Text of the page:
Study Paths, Riemann Surfaces And Strebel Differentials
Keywords:Study Paths, Riemann surfaces, Conformal Geometry
These pages aim to explain and interpret why the late Mika Seppälä, a conformal geometer, proposed to model student study behaviour using concepts from conformal geometry, such as Riemann surfaces and Strebel differentials. Over many years Mika Seppälä taught online calculus courses to students at Florida State University in the United States, as well as students at the University of Helsinki in Finland. Based on the click log data of his students in both populations, he monitored this course using edge-decorated graphs, which he gradually improved over the years. To enhance this representation even further, he suggested using tools and geometric intuition from Riemann surface theory. He also was inspired by the much-envied Finnish school system. Bringing these two sources of inspiration together resulted in a promising new representation model for course monitoring. Even though the authors have not been directly involved in Mika Seppälä’s courses, being conformal geometers themselves, they attempt to shed some light on his proposed approach.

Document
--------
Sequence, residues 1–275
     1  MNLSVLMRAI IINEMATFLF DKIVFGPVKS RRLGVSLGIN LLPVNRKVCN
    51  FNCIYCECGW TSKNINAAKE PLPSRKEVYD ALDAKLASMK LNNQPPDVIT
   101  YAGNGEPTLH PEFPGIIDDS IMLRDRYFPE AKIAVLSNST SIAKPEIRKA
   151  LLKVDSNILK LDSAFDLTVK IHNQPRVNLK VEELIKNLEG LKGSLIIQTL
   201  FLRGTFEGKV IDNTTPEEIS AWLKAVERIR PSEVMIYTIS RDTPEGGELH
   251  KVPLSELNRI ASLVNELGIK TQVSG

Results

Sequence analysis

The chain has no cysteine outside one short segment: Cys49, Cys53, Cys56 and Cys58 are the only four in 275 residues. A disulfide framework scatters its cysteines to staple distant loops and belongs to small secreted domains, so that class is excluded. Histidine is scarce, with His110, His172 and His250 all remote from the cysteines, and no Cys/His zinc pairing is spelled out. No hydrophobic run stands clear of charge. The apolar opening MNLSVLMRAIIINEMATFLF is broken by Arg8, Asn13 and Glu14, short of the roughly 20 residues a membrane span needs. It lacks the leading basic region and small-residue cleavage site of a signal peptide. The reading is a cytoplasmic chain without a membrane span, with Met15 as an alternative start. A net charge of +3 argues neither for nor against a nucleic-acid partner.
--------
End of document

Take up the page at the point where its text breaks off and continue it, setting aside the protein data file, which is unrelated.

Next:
Hancock, L. (2011). Why are Finland’s schools successful? Retrieved from: http://www. smithsonianmag.com/innovation/why-are-finlands-schools-successful-49859555/
Seppälä, M. (2013). Learning analytics, Riemann surfaces, and quadratic differentials, in: Rie- mann and Klein surfaces, automorhisms, symmetries and moduli spaces, Link ̈oping, Sweden, June 24-28, 2013. Prerecorded in: http://youtu.be/qbS Cum07xg
Seppälä, M. (2014a). Shape of educational data, Florida State University, Tallahassee (FL), September 2, 2014. Recorded in: http://youtu.be/LThA6sPoX k
Seppälä, M. (2014b). Geometry of data, Florida State University, Tallahassee (FL), September 23, 2014. Recorded in: http://youtu.be/erJ1q-ONgTU
Strebel, K. (1984). Quadratic Differentials. Ergebnisse der Mathematik und Ihrer Grenzgebiete. Springer-Verlag, Berlin 1984.
Ecole Polytechnique Fe ́de ́rale de Lausanne, FSB–Mathematics Institute of Geometry and Applications– MATHGEOM, Station 8, CH–1015 Lausanne E-mail address: firstname.lastname@example.org
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